So again, I'm making an adventure out of it because that's fun and different. And here's the thing if I don't complete this, I have to give the whole binder to my son. So now there's like a reason to stick around to the end. Is he going to lose and give this give these cards away or is he going to get it? And hopefully I get it. And so, again, these things these things come in. And then what happens is we film everything and then the editor will take a pass, or I might take a pass and then I go, Hey, like, there's something missing here in the middle that needs to happen. Okay, let me let me film something that I'm going to insert in here of me in the car. Like I need something comedic. So I'm going to be in the car singing Pokemon for like 2 seconds. So even after everything, I'm going to pretend like I'm on my way to the place and I'm just going to get in the car. Edit that little thing of me singing Pokémon and then we'll just insert it in there. Did it actually happen at that time where I was driving? No, but it helps the story.
Nobody is going to be like, Hey, you filmed that part like a nobody is going to know. Well, you all know now. But I mean, this is how movies are filmed. It's to make the story flow and keep it going better. So again, the approach of how do we go a little extra? Because the audience notices that they know they could feel that you took a little bit of extra time to make this thing even a little bit better for them. Yeah. And I think that's what's really been helping us right now. So we're about to do a big live stream now because we've had the community actually a lot of a lot of people sent me stuff to give away to other community members. That's become a thing on the channel now too.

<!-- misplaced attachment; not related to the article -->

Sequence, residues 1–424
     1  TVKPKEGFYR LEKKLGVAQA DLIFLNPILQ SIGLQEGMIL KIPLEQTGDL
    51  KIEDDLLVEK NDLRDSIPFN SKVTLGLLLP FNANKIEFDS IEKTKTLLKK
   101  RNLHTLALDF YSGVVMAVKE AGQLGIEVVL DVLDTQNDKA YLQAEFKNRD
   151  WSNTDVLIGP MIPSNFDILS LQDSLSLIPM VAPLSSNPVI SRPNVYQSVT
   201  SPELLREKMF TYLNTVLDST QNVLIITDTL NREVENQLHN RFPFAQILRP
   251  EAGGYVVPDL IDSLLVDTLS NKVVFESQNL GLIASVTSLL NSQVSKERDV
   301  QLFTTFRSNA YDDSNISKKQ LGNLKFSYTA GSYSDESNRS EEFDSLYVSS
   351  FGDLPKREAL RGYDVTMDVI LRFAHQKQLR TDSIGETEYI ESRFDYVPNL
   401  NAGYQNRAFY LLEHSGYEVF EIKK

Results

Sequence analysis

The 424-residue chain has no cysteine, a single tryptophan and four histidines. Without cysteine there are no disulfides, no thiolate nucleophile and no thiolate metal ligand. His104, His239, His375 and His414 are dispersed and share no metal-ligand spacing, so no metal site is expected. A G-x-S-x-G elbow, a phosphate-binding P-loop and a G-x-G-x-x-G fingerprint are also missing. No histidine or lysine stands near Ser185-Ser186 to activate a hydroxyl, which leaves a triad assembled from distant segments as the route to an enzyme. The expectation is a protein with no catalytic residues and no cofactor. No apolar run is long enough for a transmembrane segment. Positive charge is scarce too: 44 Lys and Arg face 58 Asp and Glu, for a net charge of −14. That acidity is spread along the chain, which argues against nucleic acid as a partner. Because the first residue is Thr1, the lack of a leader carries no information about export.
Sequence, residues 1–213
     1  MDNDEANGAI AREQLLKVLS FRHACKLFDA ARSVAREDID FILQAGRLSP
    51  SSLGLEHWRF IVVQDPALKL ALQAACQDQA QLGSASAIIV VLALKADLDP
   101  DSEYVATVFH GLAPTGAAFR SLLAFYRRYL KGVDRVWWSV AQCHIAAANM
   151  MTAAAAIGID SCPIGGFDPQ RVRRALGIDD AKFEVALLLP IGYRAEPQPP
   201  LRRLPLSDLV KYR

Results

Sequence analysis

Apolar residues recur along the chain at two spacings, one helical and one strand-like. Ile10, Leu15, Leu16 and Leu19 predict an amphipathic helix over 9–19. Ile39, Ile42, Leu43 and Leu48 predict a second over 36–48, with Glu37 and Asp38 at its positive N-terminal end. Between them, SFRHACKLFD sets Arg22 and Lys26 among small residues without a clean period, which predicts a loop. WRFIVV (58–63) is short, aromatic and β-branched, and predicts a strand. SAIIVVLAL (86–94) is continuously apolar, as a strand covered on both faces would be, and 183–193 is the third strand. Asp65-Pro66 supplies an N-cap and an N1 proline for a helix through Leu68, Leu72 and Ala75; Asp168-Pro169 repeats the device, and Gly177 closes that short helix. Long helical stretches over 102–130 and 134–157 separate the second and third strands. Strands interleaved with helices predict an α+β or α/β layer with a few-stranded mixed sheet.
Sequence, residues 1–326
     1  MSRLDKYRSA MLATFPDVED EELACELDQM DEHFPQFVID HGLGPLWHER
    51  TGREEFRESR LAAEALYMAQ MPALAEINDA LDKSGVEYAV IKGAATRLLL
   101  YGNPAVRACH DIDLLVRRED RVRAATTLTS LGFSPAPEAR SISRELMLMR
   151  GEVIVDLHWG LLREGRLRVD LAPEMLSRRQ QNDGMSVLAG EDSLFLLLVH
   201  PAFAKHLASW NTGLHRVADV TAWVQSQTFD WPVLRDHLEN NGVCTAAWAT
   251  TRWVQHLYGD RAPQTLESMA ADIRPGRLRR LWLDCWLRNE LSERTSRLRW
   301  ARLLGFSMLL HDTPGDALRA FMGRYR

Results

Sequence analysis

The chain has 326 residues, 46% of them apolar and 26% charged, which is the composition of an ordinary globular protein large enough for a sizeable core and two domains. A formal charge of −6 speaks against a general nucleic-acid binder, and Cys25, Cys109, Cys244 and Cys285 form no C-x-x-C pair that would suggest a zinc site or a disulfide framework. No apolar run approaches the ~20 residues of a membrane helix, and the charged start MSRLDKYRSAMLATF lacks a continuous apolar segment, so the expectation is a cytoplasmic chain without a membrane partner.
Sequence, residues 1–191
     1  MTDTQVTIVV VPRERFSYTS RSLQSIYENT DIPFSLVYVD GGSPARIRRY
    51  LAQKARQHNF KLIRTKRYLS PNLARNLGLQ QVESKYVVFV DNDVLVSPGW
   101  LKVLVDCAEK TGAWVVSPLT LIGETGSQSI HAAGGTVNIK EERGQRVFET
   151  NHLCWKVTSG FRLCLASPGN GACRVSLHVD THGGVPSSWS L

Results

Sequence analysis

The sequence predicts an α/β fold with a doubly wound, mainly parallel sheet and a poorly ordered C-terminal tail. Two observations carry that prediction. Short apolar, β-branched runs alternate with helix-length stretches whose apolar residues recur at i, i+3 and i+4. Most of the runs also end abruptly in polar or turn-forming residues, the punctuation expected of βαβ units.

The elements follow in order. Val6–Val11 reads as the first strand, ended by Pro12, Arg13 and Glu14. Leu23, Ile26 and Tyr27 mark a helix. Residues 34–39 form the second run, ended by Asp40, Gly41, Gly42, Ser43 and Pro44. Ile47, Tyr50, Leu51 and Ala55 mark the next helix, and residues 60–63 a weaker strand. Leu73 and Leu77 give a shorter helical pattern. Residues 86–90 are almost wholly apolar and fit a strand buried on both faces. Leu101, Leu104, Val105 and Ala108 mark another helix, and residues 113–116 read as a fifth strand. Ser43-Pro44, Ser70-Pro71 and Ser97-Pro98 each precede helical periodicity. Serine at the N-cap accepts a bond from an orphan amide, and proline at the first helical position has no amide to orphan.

Which is cool and so cool.
So we'll have what we call the 250 K Live Polka Party on September 21st or September. I don't know exactly the date, but it should be fun. It should be fun.
I've been on one of your livestreams before, and I don't know Pokémon at all. Well, I know.
They know some Pokemon like Pikachu or whatever.
Pikachu. Isn't it like Charmaine or Charmander? Charmaine. This is how much I know about fucking. Well, I happened to be on YouTube, and, like, I noticed that you were alive, and I was like, Oh. And I went on there, and you're like, there was like 800 people on there. And it was just the comments were like. Like, like it was. I was like, holy cow. Yeah. This is this is a this is a community here.